a dance with three steps

An exploration of the process of creating dance


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Straya Mate!

Having recently studied abroad in Australia, I’ve been exposed to some Australian dancers, choreographers and companies that I wouldn’t have normally known of. One huge highlight was the presence of a beautiful Australian dancer: James O’Hara. O’Hara is most well known for his work in Faun choreographed by Sidi Larbi Cherkaoui. This is the video, it will blow your mind. I can only post the link, as embedding has been disabled for the video.

While in Perth, Australia, I had the pleasure of watching him perform Faun live at the Heath Ledger Theatre. I also got to take 2 classes from him at the Western Australia Academy for Performing Arts (WAAPA). They were amazing.

James O'Hara in Faun

James O’Hara in Faun

O’Hara was also featured in the new Sigur Ros music video, Valtari. He is PHENOMENAL. Unfortunately, I can’t embed a Vimeo video, so here is the link. (O’Hara is so damn elusive.)


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Young ‘n Up ‘n Comin’

The process of creating dance… So far I’ve been sourcing a lot of my influences. Be it art, choreography, systems and structures from older established artists, inspiration can also be drawn from the people close to you. The choreographic process is difficult and requires patience and hard work. My own rehearsal process has been heavily influenced by my experiences as a dancer in other people’s projects. At the dance conservatory at SUNY Purchase, graduating seniors must complete a senior project. Senior projects weekends are a 2 day dance show that consist of 4-5 seniors that each perform a solo set on them by a professional, established choreographer as well as a 7-10 minute dance that the senior choreographs. The dancers in these pieces are typically other SUNY dancers.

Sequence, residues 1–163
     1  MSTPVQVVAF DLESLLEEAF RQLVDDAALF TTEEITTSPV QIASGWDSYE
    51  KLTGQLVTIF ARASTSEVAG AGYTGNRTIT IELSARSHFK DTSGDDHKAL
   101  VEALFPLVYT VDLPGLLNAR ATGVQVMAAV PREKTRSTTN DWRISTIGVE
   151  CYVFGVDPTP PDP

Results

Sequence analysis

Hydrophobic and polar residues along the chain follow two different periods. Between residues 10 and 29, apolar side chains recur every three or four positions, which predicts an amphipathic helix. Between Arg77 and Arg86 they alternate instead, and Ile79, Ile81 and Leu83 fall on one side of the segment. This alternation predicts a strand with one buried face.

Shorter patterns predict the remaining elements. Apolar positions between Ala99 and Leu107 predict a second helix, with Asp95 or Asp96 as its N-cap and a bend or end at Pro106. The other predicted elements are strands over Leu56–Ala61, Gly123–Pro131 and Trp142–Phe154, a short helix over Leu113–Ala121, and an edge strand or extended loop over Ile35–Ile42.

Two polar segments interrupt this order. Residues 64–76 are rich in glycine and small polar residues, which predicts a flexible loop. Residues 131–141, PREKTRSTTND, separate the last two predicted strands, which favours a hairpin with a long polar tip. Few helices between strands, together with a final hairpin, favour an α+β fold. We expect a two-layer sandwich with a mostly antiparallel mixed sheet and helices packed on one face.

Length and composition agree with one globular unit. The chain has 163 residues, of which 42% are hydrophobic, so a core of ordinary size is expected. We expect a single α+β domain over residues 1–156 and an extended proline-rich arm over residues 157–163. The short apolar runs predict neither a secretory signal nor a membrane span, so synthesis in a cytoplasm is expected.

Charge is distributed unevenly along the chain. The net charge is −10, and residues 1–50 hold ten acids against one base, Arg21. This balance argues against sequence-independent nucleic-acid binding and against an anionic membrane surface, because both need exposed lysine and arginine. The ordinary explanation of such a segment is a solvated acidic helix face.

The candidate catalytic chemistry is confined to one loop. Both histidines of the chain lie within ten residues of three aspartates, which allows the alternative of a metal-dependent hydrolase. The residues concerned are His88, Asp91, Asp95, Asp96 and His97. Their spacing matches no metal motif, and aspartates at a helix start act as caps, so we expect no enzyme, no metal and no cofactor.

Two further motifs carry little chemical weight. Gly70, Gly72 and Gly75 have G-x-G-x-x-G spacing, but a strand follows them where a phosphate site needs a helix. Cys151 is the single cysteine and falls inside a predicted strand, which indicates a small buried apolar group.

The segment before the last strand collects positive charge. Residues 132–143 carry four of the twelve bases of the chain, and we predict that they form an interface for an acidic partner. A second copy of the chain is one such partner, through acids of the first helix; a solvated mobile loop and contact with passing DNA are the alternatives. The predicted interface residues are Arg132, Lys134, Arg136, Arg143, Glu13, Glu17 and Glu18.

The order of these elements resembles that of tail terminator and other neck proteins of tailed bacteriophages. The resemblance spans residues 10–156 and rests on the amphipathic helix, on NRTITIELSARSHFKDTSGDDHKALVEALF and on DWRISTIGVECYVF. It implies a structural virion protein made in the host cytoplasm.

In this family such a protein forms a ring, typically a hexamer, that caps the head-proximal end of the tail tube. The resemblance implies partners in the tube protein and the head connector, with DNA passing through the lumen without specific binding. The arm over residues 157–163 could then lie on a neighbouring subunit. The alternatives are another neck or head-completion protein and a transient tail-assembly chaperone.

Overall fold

LIVE at Purchase, a senior project

I’ve recently had the honor of dancing in the senior project weekend entitled “LIVE at Purchase” in Matthew Perez’s ¬†dance “Extemporary Destiny.” Aside from the fact that the dance was incredibly fun and challenging to perform, the rehearsal process was amazing. Perez had a clear idea of what he wanted. He was calm, straight forward, and he was able to articulate what he wanted from his dancers. Intent, focus, imagery, tension, power, etc. As a dancer, his professionalism was very much welcomed (some seniors have trouble establishing the rehearsal dynamic of choreographer over fellow dancer). As a choreographer, his professionalism was inspiring. I’ve been in rehearsals where nothing got done because everyone was just hanging out. That’s a waste of time. In the real world, no one is going to pay money to rent a studio just to sit around and gossip.¬†Now, not only is Matthew Perez a great choreographer, but he is also a beautiful dancer and person. His solo for his senior project was a piece by Andrea Miller called “In Medias Res.” Perez currently has a coveted apprenticeship with Miller’s company, Gallim Dance. See? Young ‘n up ‘n comin’!

Matthew Perez, Photo Credit: Ted Kivitt

Matthew Perez, Photo Credit: Ted Kivitt

Perez is a beautiful dancer with long, strong, limbs that he has complete power over. He is a giant. No, really, he’s like a giraffe. He eats up space and can be ferocious and strong. He can also be delicate, soft and quiet. He has no bones; he is the bendy-ist baby. As a friend, he is sweet, funny and honest. It’s very clear that he loves dance and works hard every day to fulfill his desires. Perez has always pushed me to want, to desire, to fight for dance. I have an unbelievable amount of respect for him. Inspiration can be found everywhere and anywhere and it is powerful as hell to find it right in front of you, dancing his ass off.